A 1986 dystopian Russian novel basically predicted Vladimir Putin


In 1986, near the end of the Soviet Union, a Russian satirical novelist tried to imagine the future of his homeland. He envisioned a head of state who had risen through the ranks of the KGB, used a war to cement his power, elevated his former security colleagues into positions of influence, claimed to derive authority from the Russian Orthodox Church and ruled Russia for decades.

In other words, he predicted Vladimir Putin.

The writer was Vladimir Voinovich, and his novel was “Moscow 2042,” a dystopic satire about a man who takes a journey into the next century.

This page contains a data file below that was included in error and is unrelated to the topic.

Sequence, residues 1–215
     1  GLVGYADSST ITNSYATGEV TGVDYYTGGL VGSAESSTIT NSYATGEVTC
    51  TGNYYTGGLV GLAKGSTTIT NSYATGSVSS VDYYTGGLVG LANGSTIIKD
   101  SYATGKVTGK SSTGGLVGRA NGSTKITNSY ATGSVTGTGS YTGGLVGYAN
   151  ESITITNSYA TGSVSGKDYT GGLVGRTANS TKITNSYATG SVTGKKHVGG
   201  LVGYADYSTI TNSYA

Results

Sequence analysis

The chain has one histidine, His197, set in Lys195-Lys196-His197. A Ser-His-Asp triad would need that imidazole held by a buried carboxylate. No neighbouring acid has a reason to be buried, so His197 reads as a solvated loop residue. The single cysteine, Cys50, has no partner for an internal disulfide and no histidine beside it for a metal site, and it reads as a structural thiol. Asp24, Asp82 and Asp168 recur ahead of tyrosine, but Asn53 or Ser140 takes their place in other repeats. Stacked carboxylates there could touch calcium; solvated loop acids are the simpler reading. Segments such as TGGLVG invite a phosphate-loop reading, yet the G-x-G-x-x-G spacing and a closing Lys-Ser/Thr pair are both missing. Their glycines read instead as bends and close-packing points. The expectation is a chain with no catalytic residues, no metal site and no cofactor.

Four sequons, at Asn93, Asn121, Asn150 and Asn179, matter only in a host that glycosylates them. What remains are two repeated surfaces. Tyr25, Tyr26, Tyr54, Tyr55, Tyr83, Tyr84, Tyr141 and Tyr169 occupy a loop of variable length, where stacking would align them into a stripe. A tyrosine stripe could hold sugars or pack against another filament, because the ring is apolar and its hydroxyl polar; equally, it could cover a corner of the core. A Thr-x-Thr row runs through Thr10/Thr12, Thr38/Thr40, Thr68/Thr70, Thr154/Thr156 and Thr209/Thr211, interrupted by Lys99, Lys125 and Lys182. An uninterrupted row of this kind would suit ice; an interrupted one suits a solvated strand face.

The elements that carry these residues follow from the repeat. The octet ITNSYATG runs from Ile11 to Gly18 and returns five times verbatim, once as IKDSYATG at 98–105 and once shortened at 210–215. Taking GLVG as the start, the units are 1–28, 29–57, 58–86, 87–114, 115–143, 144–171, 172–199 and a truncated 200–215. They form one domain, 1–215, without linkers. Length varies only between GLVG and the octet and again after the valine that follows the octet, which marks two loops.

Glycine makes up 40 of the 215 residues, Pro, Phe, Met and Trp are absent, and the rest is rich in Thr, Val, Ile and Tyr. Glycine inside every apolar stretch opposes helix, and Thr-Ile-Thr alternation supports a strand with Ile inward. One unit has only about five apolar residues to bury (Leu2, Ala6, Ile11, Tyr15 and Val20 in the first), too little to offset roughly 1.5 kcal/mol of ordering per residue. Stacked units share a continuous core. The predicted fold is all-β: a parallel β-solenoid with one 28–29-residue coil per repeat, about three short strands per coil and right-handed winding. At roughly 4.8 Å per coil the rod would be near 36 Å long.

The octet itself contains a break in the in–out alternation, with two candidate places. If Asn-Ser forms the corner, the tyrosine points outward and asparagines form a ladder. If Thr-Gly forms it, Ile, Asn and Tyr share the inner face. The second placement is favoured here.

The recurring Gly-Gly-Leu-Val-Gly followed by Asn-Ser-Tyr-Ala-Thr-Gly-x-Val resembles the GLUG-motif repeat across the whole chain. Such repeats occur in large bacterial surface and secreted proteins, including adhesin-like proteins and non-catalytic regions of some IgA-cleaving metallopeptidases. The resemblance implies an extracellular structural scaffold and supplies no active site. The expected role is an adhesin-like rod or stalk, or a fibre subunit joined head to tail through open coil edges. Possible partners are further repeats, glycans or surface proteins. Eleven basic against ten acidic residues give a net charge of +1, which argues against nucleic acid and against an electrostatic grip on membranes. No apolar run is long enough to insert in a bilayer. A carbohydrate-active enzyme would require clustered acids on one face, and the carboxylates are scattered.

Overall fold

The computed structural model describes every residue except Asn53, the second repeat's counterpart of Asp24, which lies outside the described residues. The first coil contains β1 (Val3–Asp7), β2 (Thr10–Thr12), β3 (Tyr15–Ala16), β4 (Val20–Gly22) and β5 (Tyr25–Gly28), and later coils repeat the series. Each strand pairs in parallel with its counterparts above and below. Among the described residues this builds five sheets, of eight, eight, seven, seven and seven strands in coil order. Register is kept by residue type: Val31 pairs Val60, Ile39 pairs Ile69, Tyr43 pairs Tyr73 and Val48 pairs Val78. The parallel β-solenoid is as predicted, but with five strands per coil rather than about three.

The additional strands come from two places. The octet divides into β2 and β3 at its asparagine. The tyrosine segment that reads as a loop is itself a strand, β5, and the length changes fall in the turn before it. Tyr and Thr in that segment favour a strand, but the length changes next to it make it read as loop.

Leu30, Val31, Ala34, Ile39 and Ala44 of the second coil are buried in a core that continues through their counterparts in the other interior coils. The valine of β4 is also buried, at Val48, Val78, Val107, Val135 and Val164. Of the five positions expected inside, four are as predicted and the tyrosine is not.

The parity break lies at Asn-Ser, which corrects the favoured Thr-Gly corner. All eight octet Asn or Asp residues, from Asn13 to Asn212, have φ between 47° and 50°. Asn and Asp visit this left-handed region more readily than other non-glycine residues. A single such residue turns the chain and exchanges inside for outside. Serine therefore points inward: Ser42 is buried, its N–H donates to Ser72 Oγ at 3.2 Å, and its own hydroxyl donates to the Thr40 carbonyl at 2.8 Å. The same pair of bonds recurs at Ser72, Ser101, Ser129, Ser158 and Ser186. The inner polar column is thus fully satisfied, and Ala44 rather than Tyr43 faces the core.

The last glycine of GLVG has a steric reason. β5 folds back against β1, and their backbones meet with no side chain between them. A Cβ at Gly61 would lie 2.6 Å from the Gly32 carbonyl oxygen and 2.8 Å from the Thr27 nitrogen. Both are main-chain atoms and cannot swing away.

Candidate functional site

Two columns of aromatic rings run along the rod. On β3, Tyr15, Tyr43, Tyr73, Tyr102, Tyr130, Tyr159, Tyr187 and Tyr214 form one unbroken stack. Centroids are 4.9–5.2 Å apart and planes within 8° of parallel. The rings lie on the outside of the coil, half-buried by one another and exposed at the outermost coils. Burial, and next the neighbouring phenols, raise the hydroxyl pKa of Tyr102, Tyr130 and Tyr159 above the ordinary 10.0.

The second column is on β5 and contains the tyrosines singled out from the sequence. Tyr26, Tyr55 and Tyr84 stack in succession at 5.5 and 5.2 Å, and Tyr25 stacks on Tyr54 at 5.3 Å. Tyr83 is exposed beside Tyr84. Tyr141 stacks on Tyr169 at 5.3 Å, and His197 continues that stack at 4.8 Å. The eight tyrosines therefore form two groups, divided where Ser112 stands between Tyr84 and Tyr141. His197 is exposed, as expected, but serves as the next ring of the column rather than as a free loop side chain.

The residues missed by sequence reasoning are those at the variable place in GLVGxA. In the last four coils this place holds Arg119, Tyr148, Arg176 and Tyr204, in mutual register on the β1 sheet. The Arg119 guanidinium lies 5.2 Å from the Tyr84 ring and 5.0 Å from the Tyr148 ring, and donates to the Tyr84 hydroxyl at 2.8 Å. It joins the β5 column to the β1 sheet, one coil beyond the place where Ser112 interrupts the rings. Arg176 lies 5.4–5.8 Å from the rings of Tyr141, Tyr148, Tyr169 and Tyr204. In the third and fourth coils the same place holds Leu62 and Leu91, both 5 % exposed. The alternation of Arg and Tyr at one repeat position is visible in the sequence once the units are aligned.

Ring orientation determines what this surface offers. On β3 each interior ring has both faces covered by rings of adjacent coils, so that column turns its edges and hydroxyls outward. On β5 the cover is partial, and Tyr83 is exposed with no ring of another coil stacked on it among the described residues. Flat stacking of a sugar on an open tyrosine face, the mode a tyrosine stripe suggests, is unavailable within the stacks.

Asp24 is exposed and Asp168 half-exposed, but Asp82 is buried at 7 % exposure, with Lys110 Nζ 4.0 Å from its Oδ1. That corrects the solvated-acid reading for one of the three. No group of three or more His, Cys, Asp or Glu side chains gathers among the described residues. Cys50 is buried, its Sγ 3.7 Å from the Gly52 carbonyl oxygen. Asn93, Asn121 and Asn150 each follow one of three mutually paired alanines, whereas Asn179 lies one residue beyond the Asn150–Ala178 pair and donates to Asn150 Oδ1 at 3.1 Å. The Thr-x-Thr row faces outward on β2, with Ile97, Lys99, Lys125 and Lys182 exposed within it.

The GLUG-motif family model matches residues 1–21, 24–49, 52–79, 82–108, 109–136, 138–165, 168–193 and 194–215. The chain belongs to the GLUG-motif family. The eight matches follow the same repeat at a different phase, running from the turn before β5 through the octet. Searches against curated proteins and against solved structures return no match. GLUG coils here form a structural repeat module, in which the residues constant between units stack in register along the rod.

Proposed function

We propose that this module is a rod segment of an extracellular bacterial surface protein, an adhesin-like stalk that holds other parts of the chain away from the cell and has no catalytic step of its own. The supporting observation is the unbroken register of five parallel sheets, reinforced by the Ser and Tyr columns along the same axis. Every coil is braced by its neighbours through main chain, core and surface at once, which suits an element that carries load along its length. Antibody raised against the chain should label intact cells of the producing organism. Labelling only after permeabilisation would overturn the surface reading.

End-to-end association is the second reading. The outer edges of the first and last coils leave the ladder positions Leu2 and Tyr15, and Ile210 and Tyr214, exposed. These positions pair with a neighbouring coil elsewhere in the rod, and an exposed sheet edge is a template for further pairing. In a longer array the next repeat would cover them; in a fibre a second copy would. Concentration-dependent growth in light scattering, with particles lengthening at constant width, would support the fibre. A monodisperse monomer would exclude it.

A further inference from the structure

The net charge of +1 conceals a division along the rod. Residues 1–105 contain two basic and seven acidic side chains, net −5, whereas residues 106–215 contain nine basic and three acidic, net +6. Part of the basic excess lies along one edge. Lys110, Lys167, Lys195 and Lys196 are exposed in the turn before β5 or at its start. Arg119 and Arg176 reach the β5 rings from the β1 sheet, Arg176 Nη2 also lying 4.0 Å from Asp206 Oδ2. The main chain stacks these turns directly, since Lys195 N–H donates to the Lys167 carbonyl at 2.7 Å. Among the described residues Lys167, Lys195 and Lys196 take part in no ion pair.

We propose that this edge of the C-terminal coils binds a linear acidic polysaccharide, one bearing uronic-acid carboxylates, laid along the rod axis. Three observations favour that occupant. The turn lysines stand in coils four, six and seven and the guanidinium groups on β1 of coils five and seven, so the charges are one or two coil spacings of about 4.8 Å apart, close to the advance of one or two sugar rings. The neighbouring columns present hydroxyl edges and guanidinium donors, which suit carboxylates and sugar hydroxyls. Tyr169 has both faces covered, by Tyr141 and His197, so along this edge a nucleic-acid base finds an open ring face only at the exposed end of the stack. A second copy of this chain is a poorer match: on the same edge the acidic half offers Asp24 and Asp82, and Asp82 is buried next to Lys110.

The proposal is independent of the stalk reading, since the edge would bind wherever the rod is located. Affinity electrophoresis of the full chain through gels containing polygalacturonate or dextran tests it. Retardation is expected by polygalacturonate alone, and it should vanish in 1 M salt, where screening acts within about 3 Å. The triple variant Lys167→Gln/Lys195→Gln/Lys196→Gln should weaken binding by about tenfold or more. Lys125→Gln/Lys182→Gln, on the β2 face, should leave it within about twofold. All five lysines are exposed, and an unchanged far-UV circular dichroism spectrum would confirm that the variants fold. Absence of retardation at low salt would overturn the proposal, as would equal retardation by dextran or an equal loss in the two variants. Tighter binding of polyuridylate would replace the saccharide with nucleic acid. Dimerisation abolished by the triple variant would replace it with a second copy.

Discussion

The protagonist, a freelance writer named Vitaly Nikitich Kartsev, boards a Lufthansa space flight in 1982, consumes a dozen-plus in-flight vodkas, and lands in the year of the title. He finds little in the way of future tech to marvel at (“People with an interest in such things should read science fiction,” narrates Kartsev), and in Voinovich’s version of postmillennial Russia, the U.S.S.R. is still going strong.


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